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Old 03-20-2013, 11:19 PM   #1
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Lower BAck Pain & Neck & Upper Back Pain

Was wondering if someone could help me out with my two MRI's i've recently went for.. thank you so much. i'm trying to piece it all together but i'm not good at this..

Clinical History: Neck pain
Procedure: Noncontrast MRI of the Cervical Spine was performed utilizing a standard imaging protocol.
Findings: There is good alignment of the cervical lordosis. There is preservation of vertebral body height. There are no epidural lesions present. The cord demonstrates normal size and signal intensity. There is disc desiccation at all cervical disc space levels.
The C2-3 disc space level is unremarkable.
At the C3-4 disc space level there is a central protruding disc herniation which effaces the thecal sac.
At the C4-5 disc space level ventral spondylosis is present. There is broad bulge of the disc effacing the thecal sac.
At the C5-6 disc space level there is ventral spondylosis. There is a central and left paracentral disc herniation and dorsal bony ridge complex which effaces the thecal sac and narrows the left-sided neural foramina.
At the C6-7 disc space level there is loss of disc height. There is a central disc herniation which causes compression upon the cord and mild bilateral neural foraminal narrowing.
The C7-T1 disc space level is unremarkable.
Impression:
C6-7 central disc herniation causing compression upon the cord and bilateral neural foraminal narrowing.
C5-6 central and left paracentral disc herniation and dorsal bony ridge complex effaces the thecal sac and narrowing the left lateral recess.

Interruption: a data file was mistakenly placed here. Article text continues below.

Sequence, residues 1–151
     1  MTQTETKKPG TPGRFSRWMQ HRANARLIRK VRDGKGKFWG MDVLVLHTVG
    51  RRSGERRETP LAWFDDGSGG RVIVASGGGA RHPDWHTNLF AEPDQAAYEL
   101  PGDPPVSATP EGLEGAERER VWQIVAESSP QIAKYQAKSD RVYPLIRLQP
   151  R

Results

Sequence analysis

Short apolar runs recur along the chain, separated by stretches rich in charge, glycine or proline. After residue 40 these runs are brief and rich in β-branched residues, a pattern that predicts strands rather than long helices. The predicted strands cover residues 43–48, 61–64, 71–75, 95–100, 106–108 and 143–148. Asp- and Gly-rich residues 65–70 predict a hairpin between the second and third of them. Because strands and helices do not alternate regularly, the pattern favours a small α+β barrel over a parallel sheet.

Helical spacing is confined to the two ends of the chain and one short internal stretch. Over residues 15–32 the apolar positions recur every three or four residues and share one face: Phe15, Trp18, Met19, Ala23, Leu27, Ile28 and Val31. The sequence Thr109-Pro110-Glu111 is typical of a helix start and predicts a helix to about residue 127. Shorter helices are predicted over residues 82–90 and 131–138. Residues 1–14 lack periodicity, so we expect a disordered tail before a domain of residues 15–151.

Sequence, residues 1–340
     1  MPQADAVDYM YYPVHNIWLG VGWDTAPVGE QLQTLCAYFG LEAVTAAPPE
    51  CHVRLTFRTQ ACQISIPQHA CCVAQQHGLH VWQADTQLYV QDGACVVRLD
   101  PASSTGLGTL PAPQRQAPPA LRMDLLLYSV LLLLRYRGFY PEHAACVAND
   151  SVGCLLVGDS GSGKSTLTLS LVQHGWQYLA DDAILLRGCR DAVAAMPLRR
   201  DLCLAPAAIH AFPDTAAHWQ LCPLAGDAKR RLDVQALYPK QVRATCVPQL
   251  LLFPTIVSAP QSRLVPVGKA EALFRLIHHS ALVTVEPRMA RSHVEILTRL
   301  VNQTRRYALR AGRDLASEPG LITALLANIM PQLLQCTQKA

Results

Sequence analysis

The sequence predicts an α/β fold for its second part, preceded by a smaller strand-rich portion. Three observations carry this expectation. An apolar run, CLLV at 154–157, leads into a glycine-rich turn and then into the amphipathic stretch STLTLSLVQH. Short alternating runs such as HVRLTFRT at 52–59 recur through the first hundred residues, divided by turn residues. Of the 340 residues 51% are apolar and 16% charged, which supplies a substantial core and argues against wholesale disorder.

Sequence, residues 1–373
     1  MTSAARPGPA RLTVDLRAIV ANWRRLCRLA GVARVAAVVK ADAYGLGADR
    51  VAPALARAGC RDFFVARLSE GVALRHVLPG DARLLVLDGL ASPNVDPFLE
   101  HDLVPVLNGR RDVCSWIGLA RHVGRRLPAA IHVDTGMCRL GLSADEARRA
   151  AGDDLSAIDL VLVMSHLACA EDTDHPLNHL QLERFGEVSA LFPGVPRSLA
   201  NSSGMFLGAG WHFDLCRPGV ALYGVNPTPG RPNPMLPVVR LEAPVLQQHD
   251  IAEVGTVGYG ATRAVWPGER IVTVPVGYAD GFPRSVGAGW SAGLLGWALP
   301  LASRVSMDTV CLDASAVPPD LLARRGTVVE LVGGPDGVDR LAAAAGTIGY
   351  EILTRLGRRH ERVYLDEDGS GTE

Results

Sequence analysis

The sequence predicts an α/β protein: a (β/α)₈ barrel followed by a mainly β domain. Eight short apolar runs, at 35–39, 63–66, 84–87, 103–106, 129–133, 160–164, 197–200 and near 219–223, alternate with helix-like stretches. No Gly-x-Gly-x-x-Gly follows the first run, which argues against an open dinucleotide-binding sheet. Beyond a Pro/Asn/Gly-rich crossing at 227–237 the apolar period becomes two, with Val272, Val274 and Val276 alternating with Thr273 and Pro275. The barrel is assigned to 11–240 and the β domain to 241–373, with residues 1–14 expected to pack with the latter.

C3-4 central protruding disc herniation effaces the thecal sac.
Next is Lower BAck MRI

Clinical History: Low back pain
Procedure: A noncontrast MRI of the Lumbar Spine was performed utilizing a standard imaging protocol.
Findings: There is straightening of the lumbar lordosis. Vertebral body height is preserved. The conus demonstrates an appropriate configuration and is located at the Li level.
At the L1-2 disc space level there is ventral spondylosis.
The L2-3 disc space level is unremarkable.
At the L3-4 disc space level there is ventral spondylosis. There is broad bulging of the
disc with a right foraminal disc herniation present which causes right foraminal stenosis.
At the L4-5 disc space level there is ventral spondylosis. There is broad bulge of the disc which effaces the thecal sac.
At the L5-S1 disc space level there is a broad disc bulge with a superimposed left foraminal extruded disc herniation causing compression upon the thecal sac with left lateral recess and left foraminal stenosis. Disc material causes compression upon the L5 nerve root within the neural foramina. Overall bulging the disc causes left foraminal narrowing.

Impression:
L5-S1 broad bulge of the disc with superimposed left foraminal disc herniation which causes compression upon the exiting left L5 nerve root. Overall bulging of the disc causes mild right foraminal narrowing.
L3-4 broad disc bulge with a right foraminal disc herniation causing right foraminal stenosis.

 
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Old 03-21-2013, 10:53 AM   #2
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Re: Lower BAck Pain & Neck & Upper Back Pain

Welcome to the board. I always like to remind people that members are not doctors...so keep that in mind when reading on the board. I will try to help you with a general understanding of your report...helping you understand the language so that when you return to your doctor, you will have a better chance of understanding what he/she is desribing to you, and you will be able to participate in treatment choices.

First let's just say that it would appear that both your lumbar and cervical spine are affected by degenerative disc disease. This is confusing as it isn't really a disease in the normal sense of the word, and it doesn't mean that things will necessarily continue to degenerate for the rest of your life. I think of DDD as a catch-all term that generally refers to "wear and tear" on the spine. It is almost always indicative of some spinal arthritis...I'm going to explain a couple terms that are mentioned in both MRIs first.